I’d read Campaign Master for Rolemaster games, specifically the sections on world building and creating environments that function like those in the real world.  With those ideas, I started drawing a landmass and populating it with fields and forests and mountains.  Some of these I named, others I left as blank spots on the map.  I had only the vaguest of ideas about the world before I drew the map, and even after I finished, I only had notions about the things I’d put there.  What were the mythic woods of Tryshalla really like?  Did dwarves live in the Iranthra Mountains?  It created a sense of wonder and curiosity that I’ve not really experienced in a game since.

I understand the wonder of the hex-crawl experience that seeing an unexplored map can cause.  Without a doubt, I wanted to know more, even though I was the creator of the darn thing.  I can only imagine the  effect it’s had on my players.

Over the years the map has changed, here and there.  Some places have been destroyed.  Other’s filled in as the needs of the game changed.  But that map (which I still have and use) has created a richness to my world that has allowed it to stay fresh and real for me all these years.

Sundered Empires Play Report 1

Excited by the OSR (Old School Renaissance), and thrilled by the awesomeness that is Adventurer Conqueror King, I’ve decided to run a campaign in the ‘old school’ vein.  I intend to run this as a ‘hard core’ style of game, by which I mean, the dice will fall where they may, I have little to no ‘story’ planned out, henchmen are integral to success as is ‘player skill’, etc. etc.

For those of you unfamiliar with what I’m talking about, basically there is a fairly major divide between people who like older versions of Dungeons and Dragons and those who play newer versions.  I’m perfectly happy to play both styles, though I’ll admit, I’m finding a preference for many of the elements of the older style these days (mostly because I appreciate running 3-4 combats in an hour and some roleplay rather than being only halfway finished with one combat).  All of the comments I make above are based on the major perceived differences between newer and older play styles (as I’ve come to understand them anyway).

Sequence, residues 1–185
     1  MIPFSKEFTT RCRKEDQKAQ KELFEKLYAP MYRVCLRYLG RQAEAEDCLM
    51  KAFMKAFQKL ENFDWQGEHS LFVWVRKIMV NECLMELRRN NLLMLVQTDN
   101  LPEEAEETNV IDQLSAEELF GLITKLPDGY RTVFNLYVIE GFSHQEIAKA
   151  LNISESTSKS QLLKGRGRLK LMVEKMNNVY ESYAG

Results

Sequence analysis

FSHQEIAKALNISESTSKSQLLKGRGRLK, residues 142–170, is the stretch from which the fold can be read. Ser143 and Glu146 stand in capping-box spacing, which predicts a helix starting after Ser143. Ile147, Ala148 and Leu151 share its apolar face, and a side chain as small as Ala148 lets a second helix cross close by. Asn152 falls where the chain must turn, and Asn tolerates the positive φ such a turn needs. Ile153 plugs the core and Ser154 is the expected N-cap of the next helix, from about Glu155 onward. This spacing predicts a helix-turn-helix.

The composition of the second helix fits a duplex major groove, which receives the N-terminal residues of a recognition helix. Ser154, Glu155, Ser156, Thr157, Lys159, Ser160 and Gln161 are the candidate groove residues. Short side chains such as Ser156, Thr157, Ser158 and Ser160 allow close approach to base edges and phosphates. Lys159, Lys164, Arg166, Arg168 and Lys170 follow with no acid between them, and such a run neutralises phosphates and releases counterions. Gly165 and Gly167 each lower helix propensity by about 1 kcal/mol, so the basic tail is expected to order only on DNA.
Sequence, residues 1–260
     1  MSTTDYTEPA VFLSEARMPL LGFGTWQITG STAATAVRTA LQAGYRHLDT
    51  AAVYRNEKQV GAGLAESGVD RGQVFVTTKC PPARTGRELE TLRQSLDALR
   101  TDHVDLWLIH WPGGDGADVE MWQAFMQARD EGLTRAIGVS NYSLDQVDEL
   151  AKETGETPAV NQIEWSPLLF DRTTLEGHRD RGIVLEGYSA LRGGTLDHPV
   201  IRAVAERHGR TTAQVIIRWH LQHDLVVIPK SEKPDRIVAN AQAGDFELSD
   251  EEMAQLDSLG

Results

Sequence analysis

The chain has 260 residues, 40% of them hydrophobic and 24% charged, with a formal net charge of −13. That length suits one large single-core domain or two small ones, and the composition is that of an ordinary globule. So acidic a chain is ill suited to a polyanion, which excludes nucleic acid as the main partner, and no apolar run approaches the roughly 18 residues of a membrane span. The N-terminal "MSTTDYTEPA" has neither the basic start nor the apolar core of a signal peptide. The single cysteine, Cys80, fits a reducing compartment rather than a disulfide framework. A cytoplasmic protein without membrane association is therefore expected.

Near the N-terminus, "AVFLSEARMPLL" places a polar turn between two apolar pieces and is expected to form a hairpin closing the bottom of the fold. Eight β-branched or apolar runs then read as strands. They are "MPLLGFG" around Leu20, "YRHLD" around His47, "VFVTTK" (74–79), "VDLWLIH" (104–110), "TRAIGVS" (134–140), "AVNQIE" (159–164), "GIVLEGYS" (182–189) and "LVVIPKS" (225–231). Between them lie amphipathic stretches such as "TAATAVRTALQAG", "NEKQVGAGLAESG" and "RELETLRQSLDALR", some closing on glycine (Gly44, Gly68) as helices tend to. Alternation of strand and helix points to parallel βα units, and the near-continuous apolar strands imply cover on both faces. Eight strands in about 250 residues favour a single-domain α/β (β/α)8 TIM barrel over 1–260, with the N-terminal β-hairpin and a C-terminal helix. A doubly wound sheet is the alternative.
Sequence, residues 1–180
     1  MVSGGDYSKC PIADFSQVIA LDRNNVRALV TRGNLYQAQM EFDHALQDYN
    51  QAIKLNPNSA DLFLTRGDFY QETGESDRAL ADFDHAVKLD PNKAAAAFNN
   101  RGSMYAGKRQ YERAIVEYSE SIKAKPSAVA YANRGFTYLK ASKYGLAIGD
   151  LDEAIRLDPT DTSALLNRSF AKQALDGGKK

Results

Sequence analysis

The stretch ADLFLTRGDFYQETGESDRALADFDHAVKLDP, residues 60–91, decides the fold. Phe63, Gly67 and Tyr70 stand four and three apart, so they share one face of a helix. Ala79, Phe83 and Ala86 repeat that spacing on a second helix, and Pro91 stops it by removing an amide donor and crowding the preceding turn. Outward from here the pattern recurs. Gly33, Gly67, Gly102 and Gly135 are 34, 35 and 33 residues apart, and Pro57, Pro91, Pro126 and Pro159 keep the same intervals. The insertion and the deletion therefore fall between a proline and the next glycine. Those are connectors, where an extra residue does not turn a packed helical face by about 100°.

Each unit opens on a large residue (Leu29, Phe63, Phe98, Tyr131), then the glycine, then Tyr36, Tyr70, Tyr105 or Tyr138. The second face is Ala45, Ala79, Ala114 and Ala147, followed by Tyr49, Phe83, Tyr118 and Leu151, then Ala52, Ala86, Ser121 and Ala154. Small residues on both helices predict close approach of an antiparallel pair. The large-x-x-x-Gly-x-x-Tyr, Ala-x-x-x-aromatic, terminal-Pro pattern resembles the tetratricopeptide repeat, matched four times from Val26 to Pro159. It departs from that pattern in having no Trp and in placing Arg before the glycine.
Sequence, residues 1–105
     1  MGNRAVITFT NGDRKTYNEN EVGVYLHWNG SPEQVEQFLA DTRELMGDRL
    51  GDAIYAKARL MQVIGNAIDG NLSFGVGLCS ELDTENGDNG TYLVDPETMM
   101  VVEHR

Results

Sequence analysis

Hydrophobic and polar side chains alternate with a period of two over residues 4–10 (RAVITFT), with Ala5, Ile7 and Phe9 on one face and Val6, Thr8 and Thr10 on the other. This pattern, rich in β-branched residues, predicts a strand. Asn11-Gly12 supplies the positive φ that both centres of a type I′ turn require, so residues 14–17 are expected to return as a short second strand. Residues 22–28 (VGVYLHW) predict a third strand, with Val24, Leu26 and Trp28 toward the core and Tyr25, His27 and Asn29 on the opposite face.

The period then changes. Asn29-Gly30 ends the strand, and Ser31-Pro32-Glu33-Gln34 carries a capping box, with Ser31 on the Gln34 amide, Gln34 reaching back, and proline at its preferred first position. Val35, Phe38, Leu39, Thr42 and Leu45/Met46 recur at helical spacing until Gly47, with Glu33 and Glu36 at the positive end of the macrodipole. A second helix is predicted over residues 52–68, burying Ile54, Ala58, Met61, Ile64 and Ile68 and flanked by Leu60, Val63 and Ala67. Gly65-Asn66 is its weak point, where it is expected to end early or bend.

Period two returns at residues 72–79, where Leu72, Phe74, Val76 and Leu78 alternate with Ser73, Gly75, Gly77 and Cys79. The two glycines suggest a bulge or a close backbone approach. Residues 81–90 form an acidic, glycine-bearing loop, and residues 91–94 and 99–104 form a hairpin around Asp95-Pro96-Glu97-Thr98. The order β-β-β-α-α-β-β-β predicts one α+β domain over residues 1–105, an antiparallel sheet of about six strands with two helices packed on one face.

Humm… maybe I have another post here.  Anyway…

Long and short, I’m running a new game, set thousands of years in the past of my setting, in a darker, more ‘sword and sorcery’ version of the world (ala Conan).

Since I’m going ‘back to basics’ on this campaign, I’ve decided to go back to the beginning.  Dusting off perhaps the most well-known module in D&D history, B2 The Keep on the Borderlands.

The story opened with three PCs making their way to Restwell Keep, the aforementioned keep on the borderlands.  This is the far eastern edge of the empire.  Beyond it lies a benighted wilderness of barbarians and monsters.  But the keep is in constant need of mercenaries and those willing to risk their lives for glory and fortune.  The empire cannot afford to send enough troops to properly garrison the keep, so the Prefect Adronius Mellacus encourages mercs and adventurers to come and make preemptive strikes on the monsters that lurk in the wilds.

A group of adventurers found their way to Restwell having heard the legends of wealth and danger.  They included Kenan-Tal, a hick priest of Talia, a compassionate healer with absolutely zero social skills; Arakhe Kahn Cursyrd, a bladedancer dedicated to the god/goddess Sethi; and Lucian, a Tryshallan Nightblade, trained in the temples of Dakanan to dispense justice to the followers of Chaos.

This is one of the things I love about my player’s interaction with my world.  In almost all the previous campaigns, Tryshallan have had very little to do with Law (with a couple of notable exceptions).  The background of the race that has come out of the various campaigns has them closely associated with either Balance or Chaos.  Now, I’d thrown in the idea that the Tryshallan in this time period were subjugated by the empire, but I’d not really thought about it beyond that.  My player (who has played in one of my modern campaigns as a Chaos worshipping Tryshallan) came up with the ‘assassin’s for god’ concept off his own back.

And lo, did such things come to pass in my world.

Throughout the various campaigns I’ve run, players have added so much fantastic detail, things that have kept me on my toes while invigorating the world itself.  I love that about gaming.